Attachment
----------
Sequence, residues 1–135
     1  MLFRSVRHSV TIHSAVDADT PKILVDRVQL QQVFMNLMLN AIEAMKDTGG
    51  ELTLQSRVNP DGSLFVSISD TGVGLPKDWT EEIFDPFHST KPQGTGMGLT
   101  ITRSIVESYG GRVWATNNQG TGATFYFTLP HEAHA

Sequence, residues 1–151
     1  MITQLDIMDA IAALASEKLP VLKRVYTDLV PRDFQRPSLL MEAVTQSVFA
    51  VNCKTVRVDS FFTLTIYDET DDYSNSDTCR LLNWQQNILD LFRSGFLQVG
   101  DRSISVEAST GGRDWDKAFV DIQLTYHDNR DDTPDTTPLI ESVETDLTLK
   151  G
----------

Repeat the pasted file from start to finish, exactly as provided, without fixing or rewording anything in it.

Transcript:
Sequence, residues 1–135
     1  MLFRSVRHSV TIHSAVDADT PKILVDRVQL QQVFMNLMLN AIEAMKDTGG
    51  ELTLQSRVNP DGSLFVSISD TGVGLPKDWT EEIFDPFHST KPQGTGMGLT
   101  ITRSIVESYG GRVWATNNQG TGATFYFTLP HEAHA

Sequence, residues 1–151
     1  MITQLDIMDA IAALASEKLP VLKRVYTDLV PRDFQRPSLL MEAVTQSVFA
    51  VNCKTVRVDS FFTLTIYDET DDYSNSDTCR LLNWQQNILD LFRSGFLQVG
   101  DRSISVEAST GGRDWDKAFV DIQLTYHDNR DDTPDTTPLI ESVETDLTLK
   151  G